If you find moving difficult or think you may need some extra help getting around, consider if you may need a mobility aid. A walking stick, a walking frame or a rollator could be just the thing to help you get on your feet again.

 

Gum disease can raise your risk of heart disease

True, gum disease can increase your risk of getting health complications like heart disease, which is why it’s critical to maintain good oral hygiene. [11]

It’s recommended that you brush your teeth twice a day with fluoride toothpaste and floss (or use an interdental brush) daily. [12]

 

Eating oily fish is good for heart health

This one is true. Oily fish are high in long-chain omega-3 fatty acids, it’s these that can help to prevent heart disease. The NHS recommends that we eat two portions of fish a week, including one portion of oily fish like salmon, sardines, or mackerel.

Don’t go overboard though, as more than two portions of oily fish a week isn’t recommended if you’re pregnant, breastfeeding, or want to become pregnant one day. [13]

 

High blood pressure can affect the heart

True. To make things a little harder, high blood pressure often doesn’t have any symptoms. If left untreated though it can lead to heart disease, heart attacks, and heart failure, among other serious illnesses.

If you have any worries, it’s important to get your blood pressure checked out. You can also get a blood pressure monitor to have at home, so you can keep an eye on it if your blood pressure is a concern. 

Always seek medical advice if you think you have a problem with your blood pressure.

 

Looking after your heart essentially comes down to taking care of yourself and your body in the best way that you can:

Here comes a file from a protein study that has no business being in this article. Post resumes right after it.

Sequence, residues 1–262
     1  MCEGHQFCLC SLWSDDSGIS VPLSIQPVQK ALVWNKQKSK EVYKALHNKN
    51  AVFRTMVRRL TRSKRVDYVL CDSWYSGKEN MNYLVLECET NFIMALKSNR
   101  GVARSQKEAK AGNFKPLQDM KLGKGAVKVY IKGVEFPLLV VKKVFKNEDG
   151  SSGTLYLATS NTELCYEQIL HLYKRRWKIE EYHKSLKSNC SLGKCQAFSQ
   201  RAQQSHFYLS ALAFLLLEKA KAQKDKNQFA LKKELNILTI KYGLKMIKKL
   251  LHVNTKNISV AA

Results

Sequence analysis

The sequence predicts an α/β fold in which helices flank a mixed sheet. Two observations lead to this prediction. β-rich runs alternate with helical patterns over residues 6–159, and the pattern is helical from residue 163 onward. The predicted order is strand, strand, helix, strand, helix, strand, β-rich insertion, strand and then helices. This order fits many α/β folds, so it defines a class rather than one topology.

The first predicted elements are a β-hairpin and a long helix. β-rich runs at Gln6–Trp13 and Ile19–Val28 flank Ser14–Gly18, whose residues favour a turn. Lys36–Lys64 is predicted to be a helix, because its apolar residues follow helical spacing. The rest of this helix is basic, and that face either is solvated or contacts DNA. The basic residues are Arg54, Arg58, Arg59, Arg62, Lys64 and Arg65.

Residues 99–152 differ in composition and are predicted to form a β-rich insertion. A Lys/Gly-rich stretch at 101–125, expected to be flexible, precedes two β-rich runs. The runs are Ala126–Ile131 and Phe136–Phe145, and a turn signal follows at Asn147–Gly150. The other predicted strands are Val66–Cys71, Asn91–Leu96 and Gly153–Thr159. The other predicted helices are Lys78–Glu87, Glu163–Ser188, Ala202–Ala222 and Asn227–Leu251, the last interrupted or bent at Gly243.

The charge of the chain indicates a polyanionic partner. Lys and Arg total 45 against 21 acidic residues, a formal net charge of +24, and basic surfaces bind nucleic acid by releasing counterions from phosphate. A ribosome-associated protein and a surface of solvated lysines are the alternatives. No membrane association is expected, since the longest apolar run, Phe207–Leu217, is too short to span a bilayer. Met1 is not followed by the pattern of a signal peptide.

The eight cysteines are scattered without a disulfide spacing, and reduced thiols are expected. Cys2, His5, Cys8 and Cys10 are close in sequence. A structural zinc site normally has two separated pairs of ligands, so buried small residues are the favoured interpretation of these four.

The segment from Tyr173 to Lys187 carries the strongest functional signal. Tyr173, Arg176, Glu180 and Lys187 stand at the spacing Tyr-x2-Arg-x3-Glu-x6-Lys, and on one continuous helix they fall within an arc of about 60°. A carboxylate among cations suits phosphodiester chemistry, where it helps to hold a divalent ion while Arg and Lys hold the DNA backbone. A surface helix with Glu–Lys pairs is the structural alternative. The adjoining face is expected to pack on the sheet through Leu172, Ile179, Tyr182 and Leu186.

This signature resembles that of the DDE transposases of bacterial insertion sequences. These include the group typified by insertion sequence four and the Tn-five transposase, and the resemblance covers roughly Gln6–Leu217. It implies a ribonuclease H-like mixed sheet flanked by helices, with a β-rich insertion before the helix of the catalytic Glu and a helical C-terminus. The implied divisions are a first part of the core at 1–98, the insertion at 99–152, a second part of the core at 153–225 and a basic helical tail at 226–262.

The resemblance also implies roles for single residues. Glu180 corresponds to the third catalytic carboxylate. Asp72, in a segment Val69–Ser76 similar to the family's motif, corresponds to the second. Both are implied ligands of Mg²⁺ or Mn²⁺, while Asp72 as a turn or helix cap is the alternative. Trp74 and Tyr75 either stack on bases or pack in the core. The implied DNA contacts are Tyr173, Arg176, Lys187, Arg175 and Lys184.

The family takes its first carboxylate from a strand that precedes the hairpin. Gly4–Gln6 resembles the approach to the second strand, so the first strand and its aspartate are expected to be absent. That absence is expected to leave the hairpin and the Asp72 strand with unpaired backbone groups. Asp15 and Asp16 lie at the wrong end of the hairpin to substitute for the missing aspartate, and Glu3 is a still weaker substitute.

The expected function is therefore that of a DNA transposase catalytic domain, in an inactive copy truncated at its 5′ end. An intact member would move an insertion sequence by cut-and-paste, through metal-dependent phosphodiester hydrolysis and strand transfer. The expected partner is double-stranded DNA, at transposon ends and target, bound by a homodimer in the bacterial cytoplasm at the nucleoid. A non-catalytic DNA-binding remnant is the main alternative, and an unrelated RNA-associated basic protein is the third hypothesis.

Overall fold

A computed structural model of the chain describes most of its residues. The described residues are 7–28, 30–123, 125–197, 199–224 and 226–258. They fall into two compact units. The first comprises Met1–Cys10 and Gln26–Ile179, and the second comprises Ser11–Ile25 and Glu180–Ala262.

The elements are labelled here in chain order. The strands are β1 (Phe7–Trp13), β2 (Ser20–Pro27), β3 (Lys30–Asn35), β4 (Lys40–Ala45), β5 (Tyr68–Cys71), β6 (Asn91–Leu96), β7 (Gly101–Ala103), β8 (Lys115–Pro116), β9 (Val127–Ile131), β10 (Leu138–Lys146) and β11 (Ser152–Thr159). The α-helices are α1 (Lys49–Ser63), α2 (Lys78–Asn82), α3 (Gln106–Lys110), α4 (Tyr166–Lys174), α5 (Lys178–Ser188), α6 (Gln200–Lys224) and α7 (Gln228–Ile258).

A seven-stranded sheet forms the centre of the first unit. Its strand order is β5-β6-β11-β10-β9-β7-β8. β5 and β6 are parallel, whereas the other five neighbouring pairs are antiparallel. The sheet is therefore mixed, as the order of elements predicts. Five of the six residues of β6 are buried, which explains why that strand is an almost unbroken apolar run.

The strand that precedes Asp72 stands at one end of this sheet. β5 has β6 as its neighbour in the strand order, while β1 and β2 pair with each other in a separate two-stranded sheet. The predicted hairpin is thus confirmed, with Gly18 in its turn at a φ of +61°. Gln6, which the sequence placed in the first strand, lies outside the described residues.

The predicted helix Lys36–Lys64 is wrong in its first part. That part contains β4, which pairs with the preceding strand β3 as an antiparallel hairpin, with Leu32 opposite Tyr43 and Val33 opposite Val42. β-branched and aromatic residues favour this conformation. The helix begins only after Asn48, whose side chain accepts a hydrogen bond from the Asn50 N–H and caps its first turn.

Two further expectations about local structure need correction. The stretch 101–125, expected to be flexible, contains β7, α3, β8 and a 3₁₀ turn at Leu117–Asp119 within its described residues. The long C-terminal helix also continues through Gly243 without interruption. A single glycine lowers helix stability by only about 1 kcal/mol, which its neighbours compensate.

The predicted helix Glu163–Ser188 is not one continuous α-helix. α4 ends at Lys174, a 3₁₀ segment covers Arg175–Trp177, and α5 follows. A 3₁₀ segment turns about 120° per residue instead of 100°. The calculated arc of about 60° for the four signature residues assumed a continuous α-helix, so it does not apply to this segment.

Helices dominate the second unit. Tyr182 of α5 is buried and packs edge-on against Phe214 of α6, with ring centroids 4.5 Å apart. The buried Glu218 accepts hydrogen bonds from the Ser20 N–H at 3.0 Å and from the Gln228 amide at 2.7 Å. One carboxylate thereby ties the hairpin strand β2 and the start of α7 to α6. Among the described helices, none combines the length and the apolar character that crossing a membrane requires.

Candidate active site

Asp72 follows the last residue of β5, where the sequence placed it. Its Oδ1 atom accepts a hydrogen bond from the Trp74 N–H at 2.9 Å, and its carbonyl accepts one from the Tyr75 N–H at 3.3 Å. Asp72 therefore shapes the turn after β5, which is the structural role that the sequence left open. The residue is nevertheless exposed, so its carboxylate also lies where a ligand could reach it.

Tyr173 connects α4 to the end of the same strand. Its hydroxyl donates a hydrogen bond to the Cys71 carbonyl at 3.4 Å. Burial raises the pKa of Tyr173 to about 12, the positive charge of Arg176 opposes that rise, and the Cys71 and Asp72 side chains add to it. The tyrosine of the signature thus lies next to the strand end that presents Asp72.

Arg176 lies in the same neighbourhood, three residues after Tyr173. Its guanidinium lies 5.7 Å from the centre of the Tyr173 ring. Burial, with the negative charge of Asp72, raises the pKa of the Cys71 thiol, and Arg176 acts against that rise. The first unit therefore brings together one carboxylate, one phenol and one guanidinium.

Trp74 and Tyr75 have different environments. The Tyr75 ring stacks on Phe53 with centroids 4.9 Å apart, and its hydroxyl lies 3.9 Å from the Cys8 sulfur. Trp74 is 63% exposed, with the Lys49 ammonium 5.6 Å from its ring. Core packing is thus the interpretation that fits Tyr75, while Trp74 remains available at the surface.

• Exercising
  • Eating a healthy diet
  • Managing stress
  • Maintaining good oral hygiene
  • Keeping an eye on your blood pressure

If you ever have any concerns or worries about your heart health, please speak to your doctor for help and support. You may also want to check out the NHS website for tips, tools and advice on looking after yourself or visit the British Heart Foundation for support and advice on all things heart health related.

 

 

 

 

[1]  https://www.bhf.org.uk/informationsupport/heart-matters-magazine/medical/ask-the-experts/red-wine-and-your-heart 

[2]  https://academic.oup.com/eurheartj/advance-article/doi/10.1093/eurheartj/ehaa953/6090248

[3]  https://www.nhs.uk/live-well/alcohol-support/the-risks-of-drinking-too-much/

[4]  https://www.scripps.org/news_items/5317-is-dark-chocolate-healthy

[5]  https://www.bhf.org.uk/informationsupport/heart-matters-magazine/nutrition/ask-the-expert/chocolate

[6]  https://www.sciencedaily.com/releases/2020/08/200824092010.htm

[7]  https://www.bhf.org.uk/informationsupport/heart-matters-magazine/activity/yoga 

[8]  https://www.sciencedaily.com/releases/2019/08/190831155847.htm 

[9]  https://www.nhs.uk/live-well/exercise/why-sitting-too-much-is-bad-for-us/ 

[10]  https://www.nhs.uk/live-well/exercise/ 

[11]  https://www.nhs.uk/live-well/healthy-body/health-risks-of-gum-disease/ 

[12]  https://www.nhs.uk/live-well/healthy-body/take-care-of-your-teeth-and-gums/ 

[13]  https://www.nhs.uk/live-well/eat-well/fish-and-shellfish-nutrition/